Today's discussion:

Saskatchewan cancelled the carbon tax. Here’s how the other provinces could do the same

Saskatchewan’s most recent admission that public funds may be used to cover the cost of the carbon tax for consumers provides an example to other provinces for how to follow suit. Despite the fiscal costs and administrative and logistical challenges, it can legally be done.

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Comments (36)

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The Hub Staff

Thank you all for contributing to Hub Forum. If you are interested in reading more about Trevor Tombe’s thoughts on the carbon tax, check out his article on the stunning reversal: https://thehub.ca/2023-10-31/trevor-tombe-the-carbon-tax-is-dead/

11th January 2024 at 11:21 am
Jack

Every province in Canada should fallow Sask. The tax is only being used to fill the pockets of liberals. Money for nothing.

11th January 2024 at 7:33 am
Maiz y 1

Yes I hope all provinces defy Min. Guibeault & the Trudeau government

11th January 2024 at 9:25 am
Mark

I sincerely hope that others now follow Saskatchewan’s lead on this. Less tax means people will spend more; hence, more taxes will be collected through the GST and PST, which means that the government will have an increase in general revenue and this will allow funding of green programs to continue. The carbon tax is pointless when there are other methods of reaching these financial goals to achieve the same thing.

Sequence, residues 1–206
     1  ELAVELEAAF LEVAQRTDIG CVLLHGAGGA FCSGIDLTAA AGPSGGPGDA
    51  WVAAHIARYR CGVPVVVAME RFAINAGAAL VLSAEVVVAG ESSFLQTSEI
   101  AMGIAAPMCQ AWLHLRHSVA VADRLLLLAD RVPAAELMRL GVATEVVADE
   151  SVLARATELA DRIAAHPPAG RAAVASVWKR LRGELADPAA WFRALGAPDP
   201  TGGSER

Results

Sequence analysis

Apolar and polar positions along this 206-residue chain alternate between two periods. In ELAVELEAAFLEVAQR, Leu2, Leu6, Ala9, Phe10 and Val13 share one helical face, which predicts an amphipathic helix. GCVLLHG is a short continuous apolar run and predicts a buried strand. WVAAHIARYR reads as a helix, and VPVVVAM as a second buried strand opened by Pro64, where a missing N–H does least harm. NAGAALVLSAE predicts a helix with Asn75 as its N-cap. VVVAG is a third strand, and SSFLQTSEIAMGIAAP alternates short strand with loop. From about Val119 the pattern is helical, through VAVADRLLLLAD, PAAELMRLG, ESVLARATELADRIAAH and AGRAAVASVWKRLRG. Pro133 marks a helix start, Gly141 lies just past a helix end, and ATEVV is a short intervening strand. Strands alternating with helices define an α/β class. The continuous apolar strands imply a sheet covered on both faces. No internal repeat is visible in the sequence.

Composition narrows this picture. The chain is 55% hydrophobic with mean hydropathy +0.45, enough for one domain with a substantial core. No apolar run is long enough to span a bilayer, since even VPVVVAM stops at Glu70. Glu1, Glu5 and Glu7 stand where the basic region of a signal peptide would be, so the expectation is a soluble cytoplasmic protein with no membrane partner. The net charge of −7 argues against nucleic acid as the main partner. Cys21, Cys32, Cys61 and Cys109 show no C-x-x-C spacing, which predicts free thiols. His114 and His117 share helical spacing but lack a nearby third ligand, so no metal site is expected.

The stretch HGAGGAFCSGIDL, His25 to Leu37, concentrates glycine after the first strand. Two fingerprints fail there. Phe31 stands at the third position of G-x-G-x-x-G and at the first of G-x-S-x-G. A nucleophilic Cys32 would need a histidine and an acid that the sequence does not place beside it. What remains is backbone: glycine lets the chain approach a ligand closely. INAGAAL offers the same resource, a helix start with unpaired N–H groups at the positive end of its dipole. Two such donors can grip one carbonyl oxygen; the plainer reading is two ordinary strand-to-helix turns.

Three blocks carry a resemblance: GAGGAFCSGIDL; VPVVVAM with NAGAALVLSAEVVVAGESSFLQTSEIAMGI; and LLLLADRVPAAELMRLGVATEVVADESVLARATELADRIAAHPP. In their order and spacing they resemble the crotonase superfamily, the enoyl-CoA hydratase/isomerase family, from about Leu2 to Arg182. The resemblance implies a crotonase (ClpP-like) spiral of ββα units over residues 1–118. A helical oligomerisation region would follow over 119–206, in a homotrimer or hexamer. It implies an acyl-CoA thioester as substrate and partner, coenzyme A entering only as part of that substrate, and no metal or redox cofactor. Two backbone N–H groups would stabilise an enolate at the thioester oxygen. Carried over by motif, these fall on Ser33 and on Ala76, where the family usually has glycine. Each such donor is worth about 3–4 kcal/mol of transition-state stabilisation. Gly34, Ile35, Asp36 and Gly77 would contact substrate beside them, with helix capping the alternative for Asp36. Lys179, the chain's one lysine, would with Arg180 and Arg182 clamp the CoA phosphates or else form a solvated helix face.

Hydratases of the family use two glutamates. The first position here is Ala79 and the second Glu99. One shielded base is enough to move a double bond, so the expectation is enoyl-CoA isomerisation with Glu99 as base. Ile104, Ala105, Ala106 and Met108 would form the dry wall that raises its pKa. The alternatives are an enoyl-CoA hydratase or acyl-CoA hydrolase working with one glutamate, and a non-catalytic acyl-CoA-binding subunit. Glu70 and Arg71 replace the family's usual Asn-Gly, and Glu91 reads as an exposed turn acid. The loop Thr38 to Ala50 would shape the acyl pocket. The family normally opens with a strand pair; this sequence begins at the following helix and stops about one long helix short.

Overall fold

11th January 2024 at 7:12 am
Walter Benstead

Hooray for Scott Moe and Saskatchewan. A tax on heating your home in a Canadian winter. Definitely immoral, unjust, vindictive and jurisdictionally illegal. Come on Alberta etc stand against Trudeau’s oppression

11th January 2024 at 10:31 am
Mat

Stop the carbon and double tax. For those of us who live in Ontario, we are paying HST on carbon charge in our natural gas (Enbridge) bill. This is ridiculous and needs to stop!

11th January 2024 at 9:16 am
Kerry Rowe

Way to go Moe , Now lets see if any of the others have the balls

11th January 2024 at 8:33 am
Maize 1

RIGHT ON

11th January 2024 at 9:31 am
Michael Abramowitz

The real solution is to zero rate all home energy from the federal level and roll back the carbon taxes for everything else. The carbon taxes have caused consumer price inflation to rise alarmingly. People on fixed incomes and their family and personal budgets have been adversely affected — causing great economic pain.